Peter Voshefski enjoys working with materials he finds in nature.
The Albuquerque-based artist was approached to participate in 516 ARTS’ new exhibit, “Flatlanders & Surface Dwellers.”
Voshefski has put together a 20-piece collection of wood panel pieces. He says the majority of his work that will be showing is mixed-media with a touch of collage.
|If you go
WHAT: “Flatlanders & Surface Dwellers”
WHEN: Noon-5 p.m. Tuesdays-Saturdays through June 1
WHERE: 516 ARTS, 516 W. Central
HOW MUCH: Free
“It’s a form of art that I’ve been working with for a long time,” he says. “The curator was interested in my work because of the refined details and the surface details. She had seen some of my work previously and thought I would fit in well.”
The show is a group exhibition featuring diverse visual art media that explore the intimate and exotic realm of surface texture that evokes visceral, multisensory responses.
Curator Lea Anderson says throughout the history of art making, the artist’s relationship with surface has been a serious consideration.
She says along the way each art movement has tried either to ignore the surface or utilize it completely.
“This leaves the curious soul of the viewer with the desire to touch, connect, cut, penetrate, peel away and expose layers,” Anderson explains. “As artists, we are aware that surface is ours to manipulate, whether it is a mask of superficiality, a final layer of honesty or a cloak of mystery.”
The exhibit marks Anderson’s first foray into curating a show, which took nearly three years to complete.
“I submitted a proposal to 516 ARTS and never thought that it would happen,” she says. “When I got approval last year, we opened up the show with a call for artists and got about 350 submissions from all over the world. Twelve were chosen. When you have that many submissions, it gave me the opportunity to display a wide range of artists. We wanted to give a chance to sculpture, instillation and photography.”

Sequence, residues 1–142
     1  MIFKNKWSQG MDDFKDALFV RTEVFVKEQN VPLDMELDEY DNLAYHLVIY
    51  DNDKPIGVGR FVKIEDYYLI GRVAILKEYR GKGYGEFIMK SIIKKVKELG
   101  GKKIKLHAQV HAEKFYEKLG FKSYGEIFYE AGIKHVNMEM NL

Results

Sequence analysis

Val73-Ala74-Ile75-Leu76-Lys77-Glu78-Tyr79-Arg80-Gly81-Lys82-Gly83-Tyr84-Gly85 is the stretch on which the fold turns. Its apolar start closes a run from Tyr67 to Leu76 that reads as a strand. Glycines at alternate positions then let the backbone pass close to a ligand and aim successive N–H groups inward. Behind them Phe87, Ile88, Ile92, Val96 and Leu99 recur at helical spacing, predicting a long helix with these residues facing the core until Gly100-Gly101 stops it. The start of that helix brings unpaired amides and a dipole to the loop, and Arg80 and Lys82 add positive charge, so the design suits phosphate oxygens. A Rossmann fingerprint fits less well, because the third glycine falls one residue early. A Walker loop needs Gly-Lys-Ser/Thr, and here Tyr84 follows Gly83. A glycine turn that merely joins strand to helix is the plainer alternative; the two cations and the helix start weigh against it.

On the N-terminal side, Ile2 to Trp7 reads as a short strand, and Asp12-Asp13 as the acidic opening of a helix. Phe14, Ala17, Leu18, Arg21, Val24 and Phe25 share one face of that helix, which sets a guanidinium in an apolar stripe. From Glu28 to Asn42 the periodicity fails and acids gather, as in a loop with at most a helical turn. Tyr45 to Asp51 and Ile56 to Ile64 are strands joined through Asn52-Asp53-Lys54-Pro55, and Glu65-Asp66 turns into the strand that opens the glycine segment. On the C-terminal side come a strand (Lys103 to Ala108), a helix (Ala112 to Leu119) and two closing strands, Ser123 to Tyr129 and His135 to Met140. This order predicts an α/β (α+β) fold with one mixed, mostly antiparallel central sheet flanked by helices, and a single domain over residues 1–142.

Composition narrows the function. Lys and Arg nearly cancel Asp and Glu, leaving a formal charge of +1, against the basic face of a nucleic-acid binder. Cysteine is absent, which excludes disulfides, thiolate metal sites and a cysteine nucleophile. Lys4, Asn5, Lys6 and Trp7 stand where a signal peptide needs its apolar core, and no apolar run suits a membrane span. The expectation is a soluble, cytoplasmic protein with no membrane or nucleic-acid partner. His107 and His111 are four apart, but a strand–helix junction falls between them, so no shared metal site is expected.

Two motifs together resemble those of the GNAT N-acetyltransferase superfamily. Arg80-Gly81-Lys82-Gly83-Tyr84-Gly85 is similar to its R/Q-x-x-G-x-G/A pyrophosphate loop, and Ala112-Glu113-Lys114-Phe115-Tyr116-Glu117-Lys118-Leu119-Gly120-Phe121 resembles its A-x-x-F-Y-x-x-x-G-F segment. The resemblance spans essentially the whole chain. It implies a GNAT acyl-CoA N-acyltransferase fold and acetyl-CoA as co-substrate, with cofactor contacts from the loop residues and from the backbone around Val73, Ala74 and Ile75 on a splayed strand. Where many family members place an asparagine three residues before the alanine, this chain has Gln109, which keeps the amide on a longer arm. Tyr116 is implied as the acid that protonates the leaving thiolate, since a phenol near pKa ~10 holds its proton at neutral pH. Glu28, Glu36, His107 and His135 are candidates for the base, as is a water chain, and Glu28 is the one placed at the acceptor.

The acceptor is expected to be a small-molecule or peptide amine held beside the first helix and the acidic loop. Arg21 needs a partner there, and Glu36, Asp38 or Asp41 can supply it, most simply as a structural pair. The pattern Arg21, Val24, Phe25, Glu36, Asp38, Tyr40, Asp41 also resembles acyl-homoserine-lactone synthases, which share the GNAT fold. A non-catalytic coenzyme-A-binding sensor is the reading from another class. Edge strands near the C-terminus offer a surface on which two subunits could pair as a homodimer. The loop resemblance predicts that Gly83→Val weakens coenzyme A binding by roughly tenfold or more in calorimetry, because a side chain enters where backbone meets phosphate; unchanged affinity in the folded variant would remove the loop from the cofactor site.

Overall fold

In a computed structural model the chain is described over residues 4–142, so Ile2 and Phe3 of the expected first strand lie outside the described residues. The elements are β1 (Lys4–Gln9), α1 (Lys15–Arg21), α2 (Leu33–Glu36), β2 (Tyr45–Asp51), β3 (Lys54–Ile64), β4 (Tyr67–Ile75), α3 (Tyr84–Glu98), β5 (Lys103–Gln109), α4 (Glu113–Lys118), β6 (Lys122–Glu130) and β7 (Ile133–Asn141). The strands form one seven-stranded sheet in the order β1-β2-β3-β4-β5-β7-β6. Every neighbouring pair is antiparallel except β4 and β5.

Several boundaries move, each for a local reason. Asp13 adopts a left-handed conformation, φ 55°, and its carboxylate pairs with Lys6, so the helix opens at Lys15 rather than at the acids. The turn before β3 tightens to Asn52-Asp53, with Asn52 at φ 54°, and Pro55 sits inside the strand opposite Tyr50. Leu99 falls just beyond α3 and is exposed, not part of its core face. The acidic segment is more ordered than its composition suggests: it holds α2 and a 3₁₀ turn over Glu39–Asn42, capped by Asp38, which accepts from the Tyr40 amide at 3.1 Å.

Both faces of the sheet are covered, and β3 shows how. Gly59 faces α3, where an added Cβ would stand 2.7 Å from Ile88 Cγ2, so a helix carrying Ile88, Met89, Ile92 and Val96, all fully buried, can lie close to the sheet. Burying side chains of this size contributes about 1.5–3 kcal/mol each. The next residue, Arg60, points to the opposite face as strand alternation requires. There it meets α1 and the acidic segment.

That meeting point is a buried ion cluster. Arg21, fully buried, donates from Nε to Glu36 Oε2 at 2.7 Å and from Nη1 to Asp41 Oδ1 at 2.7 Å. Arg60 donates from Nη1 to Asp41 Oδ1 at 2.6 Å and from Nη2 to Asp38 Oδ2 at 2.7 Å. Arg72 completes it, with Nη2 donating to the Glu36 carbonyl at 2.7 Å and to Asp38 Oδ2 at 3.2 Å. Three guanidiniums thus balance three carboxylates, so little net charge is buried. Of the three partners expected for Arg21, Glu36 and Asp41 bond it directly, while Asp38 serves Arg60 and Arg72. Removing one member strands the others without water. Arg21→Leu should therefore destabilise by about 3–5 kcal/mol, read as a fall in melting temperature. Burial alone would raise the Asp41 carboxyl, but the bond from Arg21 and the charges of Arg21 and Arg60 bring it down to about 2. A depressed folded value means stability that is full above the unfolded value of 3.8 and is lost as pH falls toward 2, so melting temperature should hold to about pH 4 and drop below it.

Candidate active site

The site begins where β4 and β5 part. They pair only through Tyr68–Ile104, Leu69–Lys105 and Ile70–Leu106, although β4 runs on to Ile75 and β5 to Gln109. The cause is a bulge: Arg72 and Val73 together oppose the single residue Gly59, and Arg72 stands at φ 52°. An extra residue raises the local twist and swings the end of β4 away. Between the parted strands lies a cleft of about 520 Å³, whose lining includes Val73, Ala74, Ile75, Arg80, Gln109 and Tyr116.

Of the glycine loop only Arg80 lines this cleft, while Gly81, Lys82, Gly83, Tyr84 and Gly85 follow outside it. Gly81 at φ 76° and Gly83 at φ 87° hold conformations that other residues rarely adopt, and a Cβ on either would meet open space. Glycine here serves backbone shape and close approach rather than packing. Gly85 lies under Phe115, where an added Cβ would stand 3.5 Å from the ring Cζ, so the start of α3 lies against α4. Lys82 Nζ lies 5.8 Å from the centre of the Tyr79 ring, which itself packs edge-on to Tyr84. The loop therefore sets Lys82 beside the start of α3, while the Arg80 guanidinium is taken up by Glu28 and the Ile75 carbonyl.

Voshefski says the majority of his work that will be showing is mixed-media with a touch of collage.
Voshefski says he began working with wood panels while he was a carpenter.
“I supported myself for years as a designer and carpenter and I had an affinity for wood,” Voshefski says. “In the ’90s, I worked as an artist assistant and we used to take apart old TV cabinets and furniture. It was there when I fell in love with it.”
Many of the panels, Voshefski will purchase and other times, he’ll seek them out.
“I really like for each panel to get distressed and show some texture,” he explains. “I have varied approaches to the work and it all mirrors the hectic pace that we live in.”
Voshefski was drawn back to New Mexico from the Bay Area in 2007.
“All the artists I’ve spoken to weren’t wrong,” Voshefski says. “There is amazing space and light here. I moved out here for access to nature and I love spending time out in the wild. I love trees.”
Voshefski also got his Master of Fine Arts at University of New Mexico. At his studio, he is often working during school hours.
“I used to be a stay-at-home dad,” he says. “My child is in school now, so I have to be regimented and get to work during that time. I try to work for at least four hours a day and sometimes it comes out longer. But my work is so detailed that it takes a lot of time to get things completed.”